War Victim Goes to Bottom of the Pile

The First World War memorial outside St Andrew's church at Wellingham, Norfolk
The First World War memorial outside St Andrew's church at Wellingham, Norfolk

by Ray Setterfield

January 19, 1915 — As unsung heroes go, Frederick Pile is possibly one of the most unsung. Some would say deservedly so. Very little is known about him, though he is thought to have been a farm labourer.

What IS known is that Fred was out for a walk on this day – on the very occasion that Germany decided to step up hostilities that had been going on for six months, and introduce a new phase of conflict in the First World War. For the first time they dropped bombs on Britain.

The chosen method of delivery was Zeppelin airships, which had become a not unfamiliar sight in the skies over the previous 20 years. Whether Fred saw the Zeppelin and, if he did, whether he was troubled by it, will never be known.

But the high explosive bomb that was dropped from the aerial invader certainly put an end to Fred’s days.

It is believed that the airship’s real targets were the East Coast seaports of Great Yarmouth and King’s Lynn. Why the pilot decided to unleash one of his deadly bombs on the lanes around the tiny Norfolk village of Wellingham, where Fred was walking, is not known.

But it certainly meant that Fred became one of the war’s early casualties.

When the conflict ended in 1918, this posed a problem for the villagers who had decided to erect a war memorial at St Andrew's Church honouring those local people who had given their lives in the war. They included the 34-year-old rector, the Rev Lionel Digby, who had gone to France and was killed just before the conflict ended.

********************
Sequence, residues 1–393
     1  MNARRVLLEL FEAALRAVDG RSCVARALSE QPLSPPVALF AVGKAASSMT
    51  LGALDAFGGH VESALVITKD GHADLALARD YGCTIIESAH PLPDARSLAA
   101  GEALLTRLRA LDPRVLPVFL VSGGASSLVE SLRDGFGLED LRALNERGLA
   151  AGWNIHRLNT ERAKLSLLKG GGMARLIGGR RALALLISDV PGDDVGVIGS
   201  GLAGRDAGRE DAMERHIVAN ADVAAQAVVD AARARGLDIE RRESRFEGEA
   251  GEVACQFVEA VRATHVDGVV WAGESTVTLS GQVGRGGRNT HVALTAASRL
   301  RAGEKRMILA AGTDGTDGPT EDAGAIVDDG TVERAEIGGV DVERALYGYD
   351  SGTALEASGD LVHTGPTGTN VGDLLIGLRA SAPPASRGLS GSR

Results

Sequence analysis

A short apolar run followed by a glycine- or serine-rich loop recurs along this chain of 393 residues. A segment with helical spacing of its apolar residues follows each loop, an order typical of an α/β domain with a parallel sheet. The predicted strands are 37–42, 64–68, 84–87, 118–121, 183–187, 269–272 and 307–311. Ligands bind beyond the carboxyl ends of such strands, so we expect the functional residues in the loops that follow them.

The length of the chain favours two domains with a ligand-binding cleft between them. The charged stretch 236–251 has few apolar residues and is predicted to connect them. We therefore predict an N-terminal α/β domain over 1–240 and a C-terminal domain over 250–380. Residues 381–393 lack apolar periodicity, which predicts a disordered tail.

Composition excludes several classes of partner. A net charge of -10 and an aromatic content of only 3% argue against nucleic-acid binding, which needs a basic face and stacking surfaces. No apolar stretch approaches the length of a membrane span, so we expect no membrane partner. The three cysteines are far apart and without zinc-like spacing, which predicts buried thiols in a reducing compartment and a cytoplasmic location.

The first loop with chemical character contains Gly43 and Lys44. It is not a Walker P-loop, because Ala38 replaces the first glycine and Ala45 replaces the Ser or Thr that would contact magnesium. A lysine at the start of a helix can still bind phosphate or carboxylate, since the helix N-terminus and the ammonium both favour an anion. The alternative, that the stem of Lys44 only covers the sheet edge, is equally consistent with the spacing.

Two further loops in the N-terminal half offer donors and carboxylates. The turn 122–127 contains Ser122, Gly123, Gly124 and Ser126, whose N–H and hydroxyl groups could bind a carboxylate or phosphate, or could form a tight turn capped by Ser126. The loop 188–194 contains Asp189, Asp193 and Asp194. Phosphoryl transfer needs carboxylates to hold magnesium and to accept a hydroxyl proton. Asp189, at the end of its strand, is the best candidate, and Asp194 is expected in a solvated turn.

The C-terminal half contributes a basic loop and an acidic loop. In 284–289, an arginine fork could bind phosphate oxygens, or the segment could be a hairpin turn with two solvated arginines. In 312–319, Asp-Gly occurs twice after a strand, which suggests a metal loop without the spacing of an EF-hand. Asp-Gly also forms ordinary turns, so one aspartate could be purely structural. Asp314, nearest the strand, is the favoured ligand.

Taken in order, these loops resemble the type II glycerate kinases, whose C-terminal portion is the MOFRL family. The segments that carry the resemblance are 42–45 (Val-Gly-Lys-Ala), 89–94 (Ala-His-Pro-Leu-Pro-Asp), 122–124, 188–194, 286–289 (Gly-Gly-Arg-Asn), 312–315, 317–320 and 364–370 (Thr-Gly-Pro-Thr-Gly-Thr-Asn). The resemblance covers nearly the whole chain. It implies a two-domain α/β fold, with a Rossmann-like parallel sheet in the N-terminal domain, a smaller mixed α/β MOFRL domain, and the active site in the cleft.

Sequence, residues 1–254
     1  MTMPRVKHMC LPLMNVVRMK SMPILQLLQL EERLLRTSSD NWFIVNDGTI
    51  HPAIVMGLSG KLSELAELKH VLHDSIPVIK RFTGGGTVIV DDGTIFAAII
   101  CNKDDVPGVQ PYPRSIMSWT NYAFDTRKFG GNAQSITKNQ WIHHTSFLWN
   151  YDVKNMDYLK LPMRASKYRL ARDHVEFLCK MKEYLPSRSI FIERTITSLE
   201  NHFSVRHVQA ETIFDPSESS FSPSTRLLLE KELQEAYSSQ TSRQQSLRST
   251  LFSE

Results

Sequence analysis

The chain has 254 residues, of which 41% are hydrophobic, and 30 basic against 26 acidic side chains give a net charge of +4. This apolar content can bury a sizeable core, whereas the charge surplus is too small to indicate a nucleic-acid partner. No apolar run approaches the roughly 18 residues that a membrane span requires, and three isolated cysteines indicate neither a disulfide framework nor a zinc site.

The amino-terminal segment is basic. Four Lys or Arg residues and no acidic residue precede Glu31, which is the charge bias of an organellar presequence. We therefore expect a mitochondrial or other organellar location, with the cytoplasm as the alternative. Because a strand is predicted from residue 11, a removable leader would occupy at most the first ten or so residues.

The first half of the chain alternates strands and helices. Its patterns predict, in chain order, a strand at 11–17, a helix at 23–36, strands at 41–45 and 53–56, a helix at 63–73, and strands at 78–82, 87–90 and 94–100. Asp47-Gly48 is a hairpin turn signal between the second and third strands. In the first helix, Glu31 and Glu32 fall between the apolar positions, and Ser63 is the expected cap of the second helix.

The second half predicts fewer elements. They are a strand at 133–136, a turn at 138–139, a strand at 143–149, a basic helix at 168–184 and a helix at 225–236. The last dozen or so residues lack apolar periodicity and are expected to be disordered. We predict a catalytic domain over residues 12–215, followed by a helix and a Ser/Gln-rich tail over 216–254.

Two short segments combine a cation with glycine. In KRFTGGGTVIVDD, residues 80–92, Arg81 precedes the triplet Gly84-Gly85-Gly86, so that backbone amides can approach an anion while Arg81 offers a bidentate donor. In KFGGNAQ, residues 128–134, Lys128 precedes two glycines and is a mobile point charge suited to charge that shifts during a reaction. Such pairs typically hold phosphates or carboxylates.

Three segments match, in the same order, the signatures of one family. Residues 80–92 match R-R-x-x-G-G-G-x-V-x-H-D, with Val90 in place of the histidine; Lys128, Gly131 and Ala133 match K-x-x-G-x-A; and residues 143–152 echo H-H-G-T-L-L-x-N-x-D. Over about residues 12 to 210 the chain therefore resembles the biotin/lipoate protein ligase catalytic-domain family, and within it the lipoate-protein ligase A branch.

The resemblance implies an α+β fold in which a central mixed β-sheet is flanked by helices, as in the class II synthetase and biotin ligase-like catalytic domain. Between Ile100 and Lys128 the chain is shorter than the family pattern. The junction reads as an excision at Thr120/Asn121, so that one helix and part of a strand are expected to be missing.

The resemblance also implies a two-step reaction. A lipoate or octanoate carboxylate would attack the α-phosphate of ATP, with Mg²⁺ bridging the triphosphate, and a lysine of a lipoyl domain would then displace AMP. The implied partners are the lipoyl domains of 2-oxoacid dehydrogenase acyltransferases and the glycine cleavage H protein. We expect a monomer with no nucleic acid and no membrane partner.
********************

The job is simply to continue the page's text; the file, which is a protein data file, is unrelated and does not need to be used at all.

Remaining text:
Some villagers questioned whether Fred deserved to have his name on the memorial alongside those who had volunteered to fight and made the ultimate sacrifice.

A solution eventually emerged whereby the alphabetical order that governed the position of the heroes’ names would not apply to Fred, who consequently appeared at the bottom of the list.

According to scant information held by the War Graves Commission, Fred was 45 years old, possibly the son of John and Charlotte Pile of Wellingham, and probably buried in the churchyard without a gravestone.

Perhaps in the end it didn’t matter where on the list of honour Fred’s name appeared because today all the names on the weather-worn 100-year-old memorial are virtually illegible. Such fleeting fame.

Published: January 10, 2020

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